Monday, July 23, 2012

The Boys from Brazil

Directed by: Franklin J. Schaffnerand
Starring: Gregory Peck, Laurence Olivier
& James Mason
Released: 1978
Runtime: 125 minutes
Rating: 4.5/5

Imagine a world with 94 identical clones of Adolf Hitler, each living their innocent adolescent lives in locations specifically chosen throughout the world completely unaware of what they are and of their purpose. The plan and ultimate goal is that at least one of these clones will become the man that Adolf Hitler once was and to ensure the dominance of the superior Aryan race over the world; a ‘Fourth Reich’

This is the plan of Dr. Josef Mengele (Gregory Peck); the infamous German SS officer and a physician known for his atrocious human experiments in the Nazi concentration camp Auschwitz. Now living secretly in Paraguay, South America amongst a secret organisation of Third Reich war criminals who have agreed to fund and support his project, are now preparing to put the final stage of Mengele’s plan into effect by ordering the calculated assassinations of 94 elder men scattered along locations across the globe. The assassinations are to be spread over the course of several years so that each man is 65 years of age at the time of his murder.

A well intentioned young man Barry Kohler (Steve Guttenberg) learns of these planned assassinations and manages to gets some of the information to highly respected and aging Nazi hunter Ezra Lieberman (Laurence Olivier). Convinced that something is amiss Lieberman begins to follow Kohler’s leads.

While most of the movie going world was out enjoying the final chapter in Christopher Nolan’s highly acclaimed Batman trilogy The Dark Knight Rises, I was in a department store at my local shopping centre on a Saturday morning browsing through dozens of titles in a $5 DVD bargain bin. Amongst them all I came across a copy of The Boys from Brazil on Blu-ray. I had wanted to see it for years so I did not hesitate in my purchase.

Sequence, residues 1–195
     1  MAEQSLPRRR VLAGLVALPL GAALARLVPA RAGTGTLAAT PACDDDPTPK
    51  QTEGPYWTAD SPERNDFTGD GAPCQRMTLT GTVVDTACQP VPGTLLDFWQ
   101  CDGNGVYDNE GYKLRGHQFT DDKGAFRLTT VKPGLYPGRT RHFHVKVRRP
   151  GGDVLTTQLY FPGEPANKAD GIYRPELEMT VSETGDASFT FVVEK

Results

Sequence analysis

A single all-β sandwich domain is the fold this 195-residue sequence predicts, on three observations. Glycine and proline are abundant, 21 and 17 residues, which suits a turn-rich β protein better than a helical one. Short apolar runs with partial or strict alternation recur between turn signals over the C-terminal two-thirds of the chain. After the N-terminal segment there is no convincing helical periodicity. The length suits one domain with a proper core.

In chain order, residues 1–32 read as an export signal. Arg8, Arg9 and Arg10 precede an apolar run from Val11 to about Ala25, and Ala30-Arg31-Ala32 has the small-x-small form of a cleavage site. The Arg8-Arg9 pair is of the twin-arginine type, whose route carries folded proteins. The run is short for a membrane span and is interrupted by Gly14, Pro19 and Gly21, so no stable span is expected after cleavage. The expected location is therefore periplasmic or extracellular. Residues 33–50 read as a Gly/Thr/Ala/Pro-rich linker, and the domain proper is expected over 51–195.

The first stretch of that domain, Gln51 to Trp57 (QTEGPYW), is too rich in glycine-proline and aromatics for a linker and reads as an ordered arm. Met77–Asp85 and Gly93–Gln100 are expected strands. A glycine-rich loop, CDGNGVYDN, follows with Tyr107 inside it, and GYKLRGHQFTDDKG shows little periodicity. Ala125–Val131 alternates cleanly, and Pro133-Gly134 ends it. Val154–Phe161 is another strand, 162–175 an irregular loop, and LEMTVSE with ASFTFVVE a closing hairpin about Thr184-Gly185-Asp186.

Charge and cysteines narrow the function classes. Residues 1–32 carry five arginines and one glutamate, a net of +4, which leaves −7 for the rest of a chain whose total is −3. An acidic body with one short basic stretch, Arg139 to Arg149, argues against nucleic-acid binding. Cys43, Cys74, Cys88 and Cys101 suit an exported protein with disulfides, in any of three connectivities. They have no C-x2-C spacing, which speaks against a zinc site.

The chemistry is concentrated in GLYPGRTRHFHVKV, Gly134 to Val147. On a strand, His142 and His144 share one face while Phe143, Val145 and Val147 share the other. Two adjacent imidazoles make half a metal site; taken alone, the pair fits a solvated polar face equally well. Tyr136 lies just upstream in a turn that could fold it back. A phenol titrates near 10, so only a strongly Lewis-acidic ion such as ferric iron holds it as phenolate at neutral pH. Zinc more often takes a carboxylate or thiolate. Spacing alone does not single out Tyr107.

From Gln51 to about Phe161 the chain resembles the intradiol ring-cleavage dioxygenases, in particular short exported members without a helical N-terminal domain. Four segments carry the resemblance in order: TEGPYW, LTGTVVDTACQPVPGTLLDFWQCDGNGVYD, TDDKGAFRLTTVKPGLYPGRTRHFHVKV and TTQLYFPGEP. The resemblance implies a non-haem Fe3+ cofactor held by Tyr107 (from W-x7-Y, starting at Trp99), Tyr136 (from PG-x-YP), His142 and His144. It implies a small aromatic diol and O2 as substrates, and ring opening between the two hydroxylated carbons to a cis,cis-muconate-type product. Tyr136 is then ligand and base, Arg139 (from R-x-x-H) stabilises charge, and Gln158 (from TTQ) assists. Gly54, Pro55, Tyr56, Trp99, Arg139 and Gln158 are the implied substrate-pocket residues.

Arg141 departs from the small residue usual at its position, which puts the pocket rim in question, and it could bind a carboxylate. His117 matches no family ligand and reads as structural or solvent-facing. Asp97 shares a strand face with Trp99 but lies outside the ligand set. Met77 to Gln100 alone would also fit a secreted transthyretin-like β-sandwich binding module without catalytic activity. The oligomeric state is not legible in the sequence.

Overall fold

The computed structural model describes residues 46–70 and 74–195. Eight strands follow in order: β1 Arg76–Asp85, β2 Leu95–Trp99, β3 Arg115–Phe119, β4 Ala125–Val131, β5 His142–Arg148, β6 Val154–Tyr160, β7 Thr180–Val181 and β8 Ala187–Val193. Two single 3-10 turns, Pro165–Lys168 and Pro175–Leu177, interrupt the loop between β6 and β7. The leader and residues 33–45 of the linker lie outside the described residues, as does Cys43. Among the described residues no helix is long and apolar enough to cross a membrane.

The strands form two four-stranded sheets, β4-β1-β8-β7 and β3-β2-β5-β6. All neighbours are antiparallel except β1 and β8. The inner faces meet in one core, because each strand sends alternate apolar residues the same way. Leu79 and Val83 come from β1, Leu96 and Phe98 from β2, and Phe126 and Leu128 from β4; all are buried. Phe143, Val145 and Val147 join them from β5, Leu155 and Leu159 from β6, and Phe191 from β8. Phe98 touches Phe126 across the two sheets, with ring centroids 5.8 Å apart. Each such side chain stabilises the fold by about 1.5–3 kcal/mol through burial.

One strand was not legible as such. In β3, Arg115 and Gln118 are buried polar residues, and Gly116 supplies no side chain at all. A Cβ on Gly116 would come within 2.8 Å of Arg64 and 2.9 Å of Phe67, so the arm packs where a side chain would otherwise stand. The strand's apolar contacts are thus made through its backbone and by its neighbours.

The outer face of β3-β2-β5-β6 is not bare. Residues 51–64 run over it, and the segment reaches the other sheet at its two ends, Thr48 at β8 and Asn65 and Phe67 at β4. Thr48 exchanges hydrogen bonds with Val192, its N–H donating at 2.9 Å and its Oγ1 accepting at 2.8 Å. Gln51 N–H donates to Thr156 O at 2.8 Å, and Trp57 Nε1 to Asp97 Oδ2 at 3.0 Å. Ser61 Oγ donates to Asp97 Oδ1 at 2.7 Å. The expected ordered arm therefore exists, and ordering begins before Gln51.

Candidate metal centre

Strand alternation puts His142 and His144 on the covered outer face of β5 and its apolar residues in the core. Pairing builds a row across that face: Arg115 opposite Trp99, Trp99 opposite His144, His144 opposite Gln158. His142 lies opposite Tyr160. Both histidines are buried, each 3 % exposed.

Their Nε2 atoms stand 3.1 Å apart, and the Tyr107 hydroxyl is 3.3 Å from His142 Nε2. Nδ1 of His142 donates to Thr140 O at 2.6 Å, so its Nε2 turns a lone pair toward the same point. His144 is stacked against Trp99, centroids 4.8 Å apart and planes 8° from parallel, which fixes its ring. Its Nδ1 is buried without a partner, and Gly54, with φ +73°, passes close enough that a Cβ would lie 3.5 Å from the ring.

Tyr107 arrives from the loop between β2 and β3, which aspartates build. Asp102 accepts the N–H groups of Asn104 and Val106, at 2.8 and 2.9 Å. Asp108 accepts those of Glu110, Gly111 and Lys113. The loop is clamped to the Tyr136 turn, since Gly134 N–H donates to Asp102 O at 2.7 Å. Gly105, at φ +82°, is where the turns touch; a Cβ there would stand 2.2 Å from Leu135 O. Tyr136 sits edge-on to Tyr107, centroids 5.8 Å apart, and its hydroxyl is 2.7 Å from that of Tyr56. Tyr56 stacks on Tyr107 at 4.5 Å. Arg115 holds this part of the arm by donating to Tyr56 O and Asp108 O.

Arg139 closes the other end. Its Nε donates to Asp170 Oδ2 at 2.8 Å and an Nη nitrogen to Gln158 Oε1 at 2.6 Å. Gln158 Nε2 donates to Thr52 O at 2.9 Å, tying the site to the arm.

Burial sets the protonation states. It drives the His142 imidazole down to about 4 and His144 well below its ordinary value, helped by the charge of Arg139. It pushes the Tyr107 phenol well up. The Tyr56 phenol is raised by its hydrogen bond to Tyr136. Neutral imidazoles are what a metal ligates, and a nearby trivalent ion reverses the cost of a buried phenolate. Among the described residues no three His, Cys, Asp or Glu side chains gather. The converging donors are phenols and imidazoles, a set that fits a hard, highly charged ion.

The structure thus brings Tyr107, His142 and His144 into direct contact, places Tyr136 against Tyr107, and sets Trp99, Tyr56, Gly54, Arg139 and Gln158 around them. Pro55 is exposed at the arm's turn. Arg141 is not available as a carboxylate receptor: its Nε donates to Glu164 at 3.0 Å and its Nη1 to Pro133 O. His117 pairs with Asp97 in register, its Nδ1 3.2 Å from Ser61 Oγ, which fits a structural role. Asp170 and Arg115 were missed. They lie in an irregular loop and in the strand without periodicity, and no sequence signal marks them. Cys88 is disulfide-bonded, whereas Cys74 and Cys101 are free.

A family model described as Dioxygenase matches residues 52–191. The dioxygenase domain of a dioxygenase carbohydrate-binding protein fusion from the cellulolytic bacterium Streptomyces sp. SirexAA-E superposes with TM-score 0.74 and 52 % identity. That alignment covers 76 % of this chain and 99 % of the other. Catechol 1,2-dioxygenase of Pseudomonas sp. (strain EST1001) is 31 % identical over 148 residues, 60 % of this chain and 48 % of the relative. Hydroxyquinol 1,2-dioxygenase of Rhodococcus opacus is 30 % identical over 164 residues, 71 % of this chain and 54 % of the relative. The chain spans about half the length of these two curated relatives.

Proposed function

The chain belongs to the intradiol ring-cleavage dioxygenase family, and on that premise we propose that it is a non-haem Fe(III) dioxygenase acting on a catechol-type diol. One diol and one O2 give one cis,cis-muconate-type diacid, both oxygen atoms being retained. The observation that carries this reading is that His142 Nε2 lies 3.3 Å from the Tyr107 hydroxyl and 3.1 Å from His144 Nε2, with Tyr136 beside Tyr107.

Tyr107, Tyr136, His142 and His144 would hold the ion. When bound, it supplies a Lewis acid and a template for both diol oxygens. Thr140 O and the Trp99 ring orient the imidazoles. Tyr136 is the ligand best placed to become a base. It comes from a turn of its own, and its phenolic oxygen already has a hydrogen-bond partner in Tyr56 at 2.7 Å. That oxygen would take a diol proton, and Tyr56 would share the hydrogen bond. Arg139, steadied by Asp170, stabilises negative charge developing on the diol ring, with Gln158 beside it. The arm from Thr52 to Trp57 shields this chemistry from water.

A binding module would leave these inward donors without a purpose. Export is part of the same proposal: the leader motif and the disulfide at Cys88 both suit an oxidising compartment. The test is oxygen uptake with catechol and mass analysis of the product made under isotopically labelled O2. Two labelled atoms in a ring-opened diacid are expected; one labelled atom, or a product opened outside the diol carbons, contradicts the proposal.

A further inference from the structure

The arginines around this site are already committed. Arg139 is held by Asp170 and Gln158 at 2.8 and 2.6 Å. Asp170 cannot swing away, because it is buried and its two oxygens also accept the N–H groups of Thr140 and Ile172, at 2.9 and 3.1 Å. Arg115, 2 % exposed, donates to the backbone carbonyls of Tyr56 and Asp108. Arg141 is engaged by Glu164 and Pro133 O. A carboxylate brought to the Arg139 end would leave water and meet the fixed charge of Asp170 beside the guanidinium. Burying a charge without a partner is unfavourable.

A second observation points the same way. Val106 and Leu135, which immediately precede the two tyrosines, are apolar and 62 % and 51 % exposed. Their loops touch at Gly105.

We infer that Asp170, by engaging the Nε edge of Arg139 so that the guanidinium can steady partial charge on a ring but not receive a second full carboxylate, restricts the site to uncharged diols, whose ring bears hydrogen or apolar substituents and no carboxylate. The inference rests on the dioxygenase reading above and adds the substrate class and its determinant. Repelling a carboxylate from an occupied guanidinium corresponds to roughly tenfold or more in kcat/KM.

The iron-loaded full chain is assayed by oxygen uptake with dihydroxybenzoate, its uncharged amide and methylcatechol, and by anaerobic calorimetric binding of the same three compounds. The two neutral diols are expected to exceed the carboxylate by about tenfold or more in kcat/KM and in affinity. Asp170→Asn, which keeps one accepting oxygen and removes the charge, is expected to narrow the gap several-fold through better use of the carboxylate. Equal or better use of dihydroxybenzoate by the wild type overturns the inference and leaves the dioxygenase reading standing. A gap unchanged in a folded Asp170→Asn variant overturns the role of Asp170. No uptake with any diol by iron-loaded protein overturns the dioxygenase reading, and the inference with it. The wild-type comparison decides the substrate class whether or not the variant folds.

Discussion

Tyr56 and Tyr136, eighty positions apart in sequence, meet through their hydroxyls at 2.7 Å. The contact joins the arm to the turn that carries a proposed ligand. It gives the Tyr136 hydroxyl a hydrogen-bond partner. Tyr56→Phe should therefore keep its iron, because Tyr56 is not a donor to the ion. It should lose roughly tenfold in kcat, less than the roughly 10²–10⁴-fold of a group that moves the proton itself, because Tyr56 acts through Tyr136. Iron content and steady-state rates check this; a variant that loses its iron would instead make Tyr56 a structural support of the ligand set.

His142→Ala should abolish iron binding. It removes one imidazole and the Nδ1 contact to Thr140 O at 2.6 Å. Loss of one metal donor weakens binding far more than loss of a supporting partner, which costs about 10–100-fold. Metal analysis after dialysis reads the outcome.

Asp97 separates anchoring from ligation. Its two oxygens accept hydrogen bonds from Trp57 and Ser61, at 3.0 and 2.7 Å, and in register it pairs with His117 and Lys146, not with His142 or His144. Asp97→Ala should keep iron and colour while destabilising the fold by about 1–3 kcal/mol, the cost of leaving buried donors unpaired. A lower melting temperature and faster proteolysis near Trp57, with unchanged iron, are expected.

Now you could easily say that I’ve spoiled the movie for you in my opening paragraph, which in a way I have, but I can safely say that this film is pretty well know as being the movie about the ‘Hitler clones’, regardless of having seen it or not. I knew the big twist when I first heard of the film many years ago and it by no means ruins the film.

The Boys from Brazil was directed by Franklin J. Schaffnerand who is best know for Planet of the Apes (1968,) and adapted from Ira Levin’s novel of the same name. This is an amazing, thought provoking piece of cinematic story telling. I was just drawn right in from the opening shot of Paraguay. One of the many great things about this film is the chase, or pursuit for the truth and how the plot unfolds piece by piece. Watching our hero Lieberman piecing the puzzle together and his many interactions with the people he meets along the way is just captivating. It doesn’t matter if you already know the big secret, seeing it discovered is the real treat.

There is a very unsettling feeling and tone about this film, it’s frightening. I felt very disturbed after watching it much like how I felt when I first saw The Omen which does remind me a lot of this film; in regards to the whole rebirth of evil and the strong element of mystery.

As for performances you could not ask for anything better from such an overwhelmingly strong cast. Gregory Peck as Mengele is terrifying. He is pure evil and an absolute monster in every sense of the word. His screen presence is on a whole other level. Olivier is brilliant as Lieberman; the role that earned him is last Academy Award nomination for best actor. His Character is the polar opposite of Mengele’s. He represents all that is good, a determined individual in search of the truth who stands for justice as opposed to simple revenge. James Mason appears in a supporting role as Mengele’s superior who is excellent. He plays a Nazi yet still manages to come across as quite pleasant and charming. And just on a side note, Bruno Ganz who eventually went on to play Adolf Hitler in Downfall has a minor role as a medical scientist.

The music by Jerry Goldsmith is something I must mention, his wonderful musical score sounds a little odd at first given the tone of the film, but its works quite effectively. It’s a great example of how music can truly enhance a story.

The Boy’s from Brazil is a thriller of the highest order that I cannot possibly recommend enough if you’re a fan of the genre, as well as history or even the odd conspiracy theory. It’s a disturbing look at the remains of an evil and hateful regime struggling for one last attempt at power and oppression. The film’s lasting message is simple yet very strong and meaningful. We are individuals before anything else.

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